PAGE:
In the case of the Snow White poem, Peterson achieves a surprising effect, whether or not he realizes it. “The break putting ‘Will’ on its own line demonstrates the unique power of lineation to raise rather than answer questions,” Leidner observes. “Had the opening lines been ‘Snow White will / DIE…’ the emphasis would have rested solely on ‘DIE,’ and readers probably wouldn’t have thought twice about ‘will.’ By isolating “Will,” we not only get the sense that the speaker believes these events are inevitable, we get the added sense that the speaker is trying to consciously will their inevitability.”

Peterson speaks, then, as both prophet and architect of reality, climbing to another level of bombast.

Gabbert is not particularly impressed with these meandering, griping poems aimed at the College of Psychologists of Ontario and an airline, respectively, even if Peterson now and then stumbles into a promising phrase. “‘Air Canada thinks it’s ok’ is actually a pretty good title for a poem, especially a title that also serves as the first line,” she says, acknowledging that she “perked up and leaned forward” at these words. “But overall it’s pretty jejune stuff,” she laments. “The ‘short pier’ one reminds me of some lyrics I wrote for a friend my freshman year. His band never used them.”

Arguably the only thing stranger than Peterson lecturing MSNBC anchor Mehdi Hasan about his own skin color was that he elected to do so in verse. And Leidner sees an surprising reversal in concluding with “As far as I’m concerned,” a somewhat limp phrase given the heated argument about race science. “The sardonic politeness of the final line masks an unvarnished subjectivity that undercuts the thundering certainty the speaker has spent the poem building up,” Leidner says. “This contrast would be much more muted in prose.”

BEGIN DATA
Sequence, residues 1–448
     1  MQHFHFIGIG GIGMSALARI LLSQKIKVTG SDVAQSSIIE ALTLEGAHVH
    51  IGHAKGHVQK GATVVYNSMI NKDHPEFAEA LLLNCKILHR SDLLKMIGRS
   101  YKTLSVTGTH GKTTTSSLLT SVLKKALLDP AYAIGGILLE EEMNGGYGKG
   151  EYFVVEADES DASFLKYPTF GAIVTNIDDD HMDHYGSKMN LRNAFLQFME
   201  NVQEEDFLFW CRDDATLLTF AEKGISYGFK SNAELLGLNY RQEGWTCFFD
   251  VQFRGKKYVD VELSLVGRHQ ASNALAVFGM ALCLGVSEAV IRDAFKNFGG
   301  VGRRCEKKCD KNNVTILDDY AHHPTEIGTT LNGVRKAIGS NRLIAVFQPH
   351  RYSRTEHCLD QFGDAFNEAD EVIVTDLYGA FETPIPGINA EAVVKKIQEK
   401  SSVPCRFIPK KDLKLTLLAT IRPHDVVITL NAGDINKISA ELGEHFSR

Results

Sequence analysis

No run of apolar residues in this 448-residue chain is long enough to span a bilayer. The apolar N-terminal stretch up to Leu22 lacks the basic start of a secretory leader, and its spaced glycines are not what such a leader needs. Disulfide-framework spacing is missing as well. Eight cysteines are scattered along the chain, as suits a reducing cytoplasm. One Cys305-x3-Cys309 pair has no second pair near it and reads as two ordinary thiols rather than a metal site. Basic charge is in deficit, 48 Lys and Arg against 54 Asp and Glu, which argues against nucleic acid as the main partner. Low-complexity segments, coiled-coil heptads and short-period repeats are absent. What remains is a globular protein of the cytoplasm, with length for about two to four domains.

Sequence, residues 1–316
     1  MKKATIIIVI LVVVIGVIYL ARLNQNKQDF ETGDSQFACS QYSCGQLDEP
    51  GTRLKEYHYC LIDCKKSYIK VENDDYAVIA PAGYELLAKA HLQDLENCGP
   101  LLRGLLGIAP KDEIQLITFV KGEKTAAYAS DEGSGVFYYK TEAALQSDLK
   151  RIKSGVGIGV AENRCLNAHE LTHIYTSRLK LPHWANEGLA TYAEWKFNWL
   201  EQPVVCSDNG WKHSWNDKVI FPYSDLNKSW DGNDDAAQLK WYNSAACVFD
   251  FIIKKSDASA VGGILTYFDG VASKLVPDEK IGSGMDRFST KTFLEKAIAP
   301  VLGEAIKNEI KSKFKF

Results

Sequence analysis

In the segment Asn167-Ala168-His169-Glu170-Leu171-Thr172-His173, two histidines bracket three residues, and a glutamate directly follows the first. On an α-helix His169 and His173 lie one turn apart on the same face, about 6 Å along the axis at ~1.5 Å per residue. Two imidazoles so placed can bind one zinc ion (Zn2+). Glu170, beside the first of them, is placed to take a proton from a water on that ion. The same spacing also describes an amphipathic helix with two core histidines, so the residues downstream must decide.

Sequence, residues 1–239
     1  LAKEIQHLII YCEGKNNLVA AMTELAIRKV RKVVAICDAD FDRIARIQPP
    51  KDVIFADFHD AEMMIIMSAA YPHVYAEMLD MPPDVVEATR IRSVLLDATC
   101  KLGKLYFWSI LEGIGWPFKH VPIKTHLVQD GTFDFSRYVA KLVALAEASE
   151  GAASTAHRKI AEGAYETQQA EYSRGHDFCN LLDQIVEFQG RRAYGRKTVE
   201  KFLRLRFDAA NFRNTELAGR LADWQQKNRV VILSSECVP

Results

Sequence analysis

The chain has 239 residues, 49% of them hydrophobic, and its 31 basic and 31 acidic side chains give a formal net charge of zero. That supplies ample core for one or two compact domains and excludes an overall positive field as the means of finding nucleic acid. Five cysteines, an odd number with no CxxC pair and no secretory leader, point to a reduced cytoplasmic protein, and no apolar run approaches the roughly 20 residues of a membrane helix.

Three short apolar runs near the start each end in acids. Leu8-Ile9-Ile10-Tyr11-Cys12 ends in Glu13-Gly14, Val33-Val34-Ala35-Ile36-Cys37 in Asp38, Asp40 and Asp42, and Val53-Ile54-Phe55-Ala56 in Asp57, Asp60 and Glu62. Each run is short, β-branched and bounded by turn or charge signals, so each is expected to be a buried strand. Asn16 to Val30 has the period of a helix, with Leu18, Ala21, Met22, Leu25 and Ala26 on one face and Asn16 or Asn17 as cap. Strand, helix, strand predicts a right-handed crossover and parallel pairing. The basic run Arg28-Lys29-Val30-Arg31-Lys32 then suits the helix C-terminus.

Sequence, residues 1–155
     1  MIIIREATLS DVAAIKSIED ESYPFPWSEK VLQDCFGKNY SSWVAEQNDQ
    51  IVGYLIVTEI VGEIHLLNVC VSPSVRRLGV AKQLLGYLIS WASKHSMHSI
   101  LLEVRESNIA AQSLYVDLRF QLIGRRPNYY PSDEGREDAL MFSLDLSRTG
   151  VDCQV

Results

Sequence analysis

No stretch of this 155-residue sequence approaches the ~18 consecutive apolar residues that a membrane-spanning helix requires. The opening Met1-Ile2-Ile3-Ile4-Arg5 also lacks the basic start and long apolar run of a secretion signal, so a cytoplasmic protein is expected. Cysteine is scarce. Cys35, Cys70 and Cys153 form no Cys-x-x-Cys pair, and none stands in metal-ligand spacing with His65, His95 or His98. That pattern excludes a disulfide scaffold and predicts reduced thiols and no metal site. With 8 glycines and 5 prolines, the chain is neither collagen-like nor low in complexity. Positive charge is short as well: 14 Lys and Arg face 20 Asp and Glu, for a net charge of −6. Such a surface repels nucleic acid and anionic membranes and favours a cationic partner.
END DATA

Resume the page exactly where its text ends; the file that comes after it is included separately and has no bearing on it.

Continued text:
As for Peterson’s definition of a woman, Leidner notes that “‘A woman is the creature’ is one of [Peterson’s] few examples of enjambment,” or the cutting off of a line before its natural endpoint. And, while subtle, “it effectively generates tension about where this poem might go,” he says. “Compare the effect it has to the same words, in the same order, in prose: ‘A woman is the creature without whom a man cannot reproduce.’ The once intriguing opening has been stripped of tension. Without it, readers are merely invited to accept or reject the whole argument, not ponder any particular part, nor wonder at why and how the argument was constructed as it was.”

All in all, then, it would appear that Peterson has hit upon a reliable trick for snaring and sustaining engagement. Writing poetry makes his tweets stand out visually on the timeline, where they also take up more vertical space than ordinary prose would. On top of that, the redistributed weight of individual words invites deeper consideration — despite the predictable shallowness of what Peterson is usually saying.

Where it comes to the rhythm and import of the poetry itself, though, Peterson has a long way to go, struggling as he does to break from the tedious repetition of tenets shared by most reactionary culture warriors: gender transition is evil, Disney movies are Marxist, I’m being censored, etc. Without complicating or expanding beyond such obsessions, it’s unlikely he will ever reach artistic maturity, whatever disjointed form his tweets may take. Yet there’s at least one consolation in being a bad poet: he’ll always have plenty of company.